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Published: 2009/11/16
by Brian Robbins

On Fillmore: Glenn Kotche and Darin Gray’s Extended Vacation

BR: And where did the idea for the duo come from?

DG: Jim had a band for a couple of years that was made up of me and Glenn, Tim Barnes, sometimes Rob Mazurek from the Chicago Underground … but the core group was Jim, Tim, Glenn and I. We did a few shows and a few tours. We’d played the Meltdown Festival in London and Glenn and I headed back early afterwards to be with our families. That turned into one of those nightmare plane experiences …

GK: Right – the “Flight from Hell.” It was horrible. (laughter) It started out with me pointing out the window and shouting that there was jet fuel spilling out of the airplane onto the tarmac …

DG: So we couldn’t leave on schedule, and that means you can’t get to where you need to be on time, so you miss your connecting flight and you end up laying over an extra night in Miami … it just goes on and on and on. Anybody who travels to any extent has stories like that. Anyway, during those two days of trying to get home, we decided that we should start playing together more as a duo.

BR: Spawned from the Flight from Hell. (laughter)

DG: We live about five hours apart. Glenn wasn’t in Wilco at that time, so we’d take turns driving to each other’s places to practice.

BR: You both had more time available at that point.

DG: Oh, sure – we’d get together at least a couple times a month for about a year there … we really did a lot of work in that period.

BR: And was it intended to be a duo right from the beginning?

DG: Yes – always intended to be a duo. There was a moniker from the beginning that stuck: On Fillmore was “the rhythm section’s revenge.” That’s really what we wanted it to be; just the two of us, exploring our friendship: how it grows, how it changes, likes, and dislikes. But yeah, I think right from day one, the two of us felt: “This isn’t going to just be a band – we’re going to do this forever as our friendship grows.” We each made that kind of commitment right from the start.

BR: You mean – you didn’t do it just to get an album and some cool merchandise out there? (laughter)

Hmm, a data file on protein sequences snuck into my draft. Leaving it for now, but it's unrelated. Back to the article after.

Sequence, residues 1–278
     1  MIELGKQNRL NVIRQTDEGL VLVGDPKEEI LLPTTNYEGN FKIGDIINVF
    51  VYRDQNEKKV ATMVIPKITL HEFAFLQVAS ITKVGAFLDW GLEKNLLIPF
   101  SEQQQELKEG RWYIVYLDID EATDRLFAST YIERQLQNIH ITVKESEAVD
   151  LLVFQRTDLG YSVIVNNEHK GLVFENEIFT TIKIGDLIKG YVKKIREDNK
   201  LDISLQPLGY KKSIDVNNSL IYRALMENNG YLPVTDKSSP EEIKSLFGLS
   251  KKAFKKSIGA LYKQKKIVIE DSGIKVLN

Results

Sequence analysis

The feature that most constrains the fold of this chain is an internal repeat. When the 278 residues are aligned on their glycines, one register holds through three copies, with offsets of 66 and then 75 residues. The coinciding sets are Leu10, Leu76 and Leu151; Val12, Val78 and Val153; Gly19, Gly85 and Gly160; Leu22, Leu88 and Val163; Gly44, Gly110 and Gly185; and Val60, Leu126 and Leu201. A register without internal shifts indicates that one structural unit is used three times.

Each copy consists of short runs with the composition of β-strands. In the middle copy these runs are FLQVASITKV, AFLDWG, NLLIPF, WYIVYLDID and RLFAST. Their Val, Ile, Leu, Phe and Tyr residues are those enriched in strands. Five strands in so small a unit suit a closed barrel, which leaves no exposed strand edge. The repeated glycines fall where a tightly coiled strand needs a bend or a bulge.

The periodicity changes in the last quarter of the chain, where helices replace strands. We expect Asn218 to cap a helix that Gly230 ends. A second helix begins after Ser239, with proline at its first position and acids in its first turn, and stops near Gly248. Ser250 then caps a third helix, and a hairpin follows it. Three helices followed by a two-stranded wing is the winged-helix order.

DG: Right. (laughs) No – not at all. In fact, for that first year, we were just into making music together … we weren’t really thinking about records per se. We were just having a great time getting together and seeing each other.

BR: That’s cool; so the music has really evolved with the friendship.

DG: Absolutely.

BR: So then I guess the next question is, how has the music evolved?

DG: I think the early stuff we recorded was basically just us playing music together: Glenn with a drum kit – or something like one (laughs) – and myself on upright bass, just sort of facing each other and playing.

GK: We just got together in Darin’s basement and improvised – that’s what became the Wooden Box Set record [limited edition 2001 release]. Things have evolved from there over time into what they are today: I started writing on vibraphone while Darin began doing more writing on nylon string guitar and keyboards. We began to realize that we could make real beautiful, real scary-ass music. (laughter) The scary-ass part is always unintentional, though.

BR: The music is what anyone wants to see. Here’s my advice: don’t ever make a video!

GK: No, I hear you. That’s one of the things I like, whether it’s working with Wilco, or playing music with Darin – seeing songs. One of the things I rarely do is ask what the lyrics mean on a song, because I want them to mean something to me. Even though I’m in a band with Jeff [Tweedy] all the time, I want his lyrics to mean something to me … and if I know the literal meaning of them, then that takes away from the relationship I have with the song.

There are a lot of unusual sounds on the On Fillmore album and to put them in context takes away from the personal connection that the listener can have with them.

BR: Well, there were some specific things that to me sounded like this or sounded like that – but I’m not going to ask you about every one of them because that would be like cornering the magician and demanding to know how the rabbit got in the hat, you know? (laughter)

GK: Right, right! We’re not going to do the Penn and Teller thing and let you in on how everything’s done. (laughter)

DG: We don’t want you to know. (laughs) We don’t want anyone to know.

BR: That’s good; don’t blow it for my sake. At any point, if I’m poking too hard, just say “unh-uh”, okay?

DG: That’s cool. (laughter)

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